Used 2014 Cadillac XTS Review

Edmunds expert review

The 2014 Cadillac XTS's roomy, up-to-date cabin and newly available turbocharged V6 make it a compelling full-size luxury sedan.

What's new for 2014

The 2014 Cadillac XTS muscles up with an optional 410-horsepower turbocharged V6. It also switches to electric power steering and offers a self-parking system and a new DVD/Blu-ray rear entertainment system with dual screens.

Vehicle overview

Last year, the big news was simply that Cadillac had finally introduced a modern full-size luxury sedan. This year, though, it's all about what's under the 2014 Cadillac XTS's hood. Although we generally praised the XTS in its first year of production, we were underwhelmed by the standard 304-hp V6 engine, panning its relatively modest output given the size of the car. But the 2014 XTS has 410 reasons why power won't be an issue going forward.

That's because the new CTS sport sedan's optional turbocharged 3.6-liter V6 is available on the XTS, too. Rated at a whopping 410 hp and paired exclusively with all-wheel drive, the turbo V6 gives this dignified cruiser the authoritative acceleration it deserves. Sure, you can stick with the base V6 and still enjoy a great all-around luxury experience. But if you're with us in believing that a proper Caddy should haul the mail, the new XTS turbo, or Vsport, as Cadillac calls it, is just what the doctor ordered.

Otherwise, the 2014 Cadillac XTS is familiar from last year, and that's good news as well. This is a traditional luxury ride with a gleaming modern edge, offering age-old Cadillac virtues like comfort and space, but adding daring style outside and a festival of technology inside. Indeed, the XTS's spaceship-like cockpit and touch-sensitive control panel could be a turnoff for those who yearn for the days of simple knobs and buttons. But if you're looking for a new twist on this classic formula, few cars can compare.

Actually, few cars even compete in this segment anymore. One alternative that comes to mind is the Chrysler 300C, a fancy version of a lower-priced model; another is the Hyundai Genesis, an aging but competent rival. Then there's the Lincoln MKS, a technically similar luxury sedan that has always left us cold. On the higher end, you could look at models like the Audi A6 and Mercedes-Benz E-Class, but they're really midsize cars and don't come close to matching the Cadillac's interior room. See what we mean? There's not much else in this price range if you want a true full-size sedan. And with the new turbo V6 in the mix, the XTS's case is only getting stronger.

Trim levels & features

The 2014 Cadillac XTS is a five-passenger luxury sedan. There are four trim levels: base, Luxury Collection, Premium Collection and Platinum Collection. Note that the Premium and Platinum Vsport versions come with the optional twin-turbo V6.

Standard equipment for the base XTS includes 19-inch wheels, adaptive suspension dampers, xenon headlamps, heated mirrors, rear parking sensors, keyless ignition/entry, dual-zone automatic climate control, eight-way power front seats (with power lumbar control), a power tilt-and-telescoping steering wheel and leather/faux-suede upholstery. Standard technology features include Bluetooth phone and audio connectivity, an 8-inch center touchscreen with Cadillac's CUE interface, OnStar, voice controls and an eight-speaker Bose sound system with a CD player, satellite radio, HD radio, iPod/USB connectivity and an auxiliary input.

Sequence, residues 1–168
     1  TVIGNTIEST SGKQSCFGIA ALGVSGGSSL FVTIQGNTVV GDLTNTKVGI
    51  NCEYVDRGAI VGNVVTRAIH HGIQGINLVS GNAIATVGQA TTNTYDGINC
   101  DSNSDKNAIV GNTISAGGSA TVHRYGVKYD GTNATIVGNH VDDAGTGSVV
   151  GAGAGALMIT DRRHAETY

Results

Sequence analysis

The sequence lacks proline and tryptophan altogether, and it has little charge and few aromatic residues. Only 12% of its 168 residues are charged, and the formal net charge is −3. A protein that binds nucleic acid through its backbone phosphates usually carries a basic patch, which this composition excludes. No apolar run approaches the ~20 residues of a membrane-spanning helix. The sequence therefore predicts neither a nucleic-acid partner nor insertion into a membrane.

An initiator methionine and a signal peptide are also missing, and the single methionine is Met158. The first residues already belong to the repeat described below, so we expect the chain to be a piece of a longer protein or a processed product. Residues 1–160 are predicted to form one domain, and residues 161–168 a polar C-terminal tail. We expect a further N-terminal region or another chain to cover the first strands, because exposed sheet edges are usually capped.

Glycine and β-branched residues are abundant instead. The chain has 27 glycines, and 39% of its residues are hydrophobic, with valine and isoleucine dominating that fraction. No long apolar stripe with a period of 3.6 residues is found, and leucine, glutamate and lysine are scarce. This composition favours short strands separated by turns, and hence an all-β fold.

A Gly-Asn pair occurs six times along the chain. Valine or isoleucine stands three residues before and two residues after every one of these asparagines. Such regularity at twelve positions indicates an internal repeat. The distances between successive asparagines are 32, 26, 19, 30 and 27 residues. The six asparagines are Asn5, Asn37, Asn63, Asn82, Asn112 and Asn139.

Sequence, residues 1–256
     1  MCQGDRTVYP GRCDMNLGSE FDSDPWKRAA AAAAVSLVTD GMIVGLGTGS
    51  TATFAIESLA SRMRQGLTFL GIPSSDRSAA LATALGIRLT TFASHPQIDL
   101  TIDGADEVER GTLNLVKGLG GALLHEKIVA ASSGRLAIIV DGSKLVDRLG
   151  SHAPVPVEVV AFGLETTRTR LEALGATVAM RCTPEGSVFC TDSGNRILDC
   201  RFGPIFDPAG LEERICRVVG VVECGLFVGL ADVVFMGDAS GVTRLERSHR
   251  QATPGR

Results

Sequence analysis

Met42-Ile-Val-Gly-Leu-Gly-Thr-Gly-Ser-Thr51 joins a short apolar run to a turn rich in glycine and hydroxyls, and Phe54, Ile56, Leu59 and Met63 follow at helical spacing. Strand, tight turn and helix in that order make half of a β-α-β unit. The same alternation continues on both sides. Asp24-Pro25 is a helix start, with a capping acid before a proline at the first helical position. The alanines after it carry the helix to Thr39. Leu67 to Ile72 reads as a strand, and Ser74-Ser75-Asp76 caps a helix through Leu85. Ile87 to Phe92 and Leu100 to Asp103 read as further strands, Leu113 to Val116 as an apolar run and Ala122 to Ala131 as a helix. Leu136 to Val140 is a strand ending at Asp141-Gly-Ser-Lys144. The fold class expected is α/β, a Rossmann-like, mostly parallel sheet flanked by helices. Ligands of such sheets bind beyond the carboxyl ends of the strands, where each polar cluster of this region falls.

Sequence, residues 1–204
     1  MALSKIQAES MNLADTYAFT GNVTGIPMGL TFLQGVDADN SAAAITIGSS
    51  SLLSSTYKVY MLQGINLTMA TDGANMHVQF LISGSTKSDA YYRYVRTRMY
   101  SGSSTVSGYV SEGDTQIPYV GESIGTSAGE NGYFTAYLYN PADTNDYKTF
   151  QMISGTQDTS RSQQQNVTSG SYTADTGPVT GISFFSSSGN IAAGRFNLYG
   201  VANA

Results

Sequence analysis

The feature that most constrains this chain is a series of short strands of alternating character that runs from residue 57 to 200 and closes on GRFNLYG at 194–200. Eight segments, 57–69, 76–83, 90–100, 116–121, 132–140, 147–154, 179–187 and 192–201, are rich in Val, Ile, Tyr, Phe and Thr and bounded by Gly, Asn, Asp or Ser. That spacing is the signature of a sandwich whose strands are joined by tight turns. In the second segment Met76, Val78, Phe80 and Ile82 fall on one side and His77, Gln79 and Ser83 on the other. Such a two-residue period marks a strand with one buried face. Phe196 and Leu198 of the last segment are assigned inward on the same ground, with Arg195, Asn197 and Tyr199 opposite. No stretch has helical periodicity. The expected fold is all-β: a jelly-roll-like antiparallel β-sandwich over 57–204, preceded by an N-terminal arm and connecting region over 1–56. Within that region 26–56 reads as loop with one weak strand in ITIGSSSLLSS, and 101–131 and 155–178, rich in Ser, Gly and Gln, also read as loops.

The XTS Luxury Collection adds LED lighting accents, visible dual-exhaust outlets in the rear fascia, illuminated door handles, rain-sensing wipers, adjustable thigh support for front passengers, extended wood interior trim, a heated steering wheel, driver and front-passenger memory functions, heated and ventilated front seats, heated rear seats, interior ambient lighting, front and rear parking sensors, a rearview camera, an automated parallel-parking system and rain-sensing wipers.

The Premium Collection builds on those offerings with adaptive headlamps; automatic high beams; a head-up display; an upgraded driver-configurable gauge cluster display; tri-zone automatic climate control; a 110-volt power outlet; a navigation system; voice controls; a 14-speaker Bose surround-sound audio system; rear seat audio controls; and a suite of safety features that include blind-spot detection, lane departure warning, rear cross-traffic alerts and front collision alerts. The Premium Vsport adds 20-inch wheels and a sportier-looking grille.

Finally, the Platinum Collection boasts 20-inch wheels with chrome accents, unique exterior styling, adaptive cruise control with low-speed automatic braking, a panoramic sunroof, a power rear sunshade, a faux suede headliner and additional cabin leather trim with upgraded upholstery for the seats. The Platinum Vsport shares the Premium Vsport's grille, but gets the same chrome-accented wheels as the regular Platinum.

Some of the extra standard features from the higher trim levels can be added to the lower trim levels via various packages. Optional for the XTS Premium and Platinum is a rear-seat Blu-ray/DVD entertainment system with dual fold-out displays.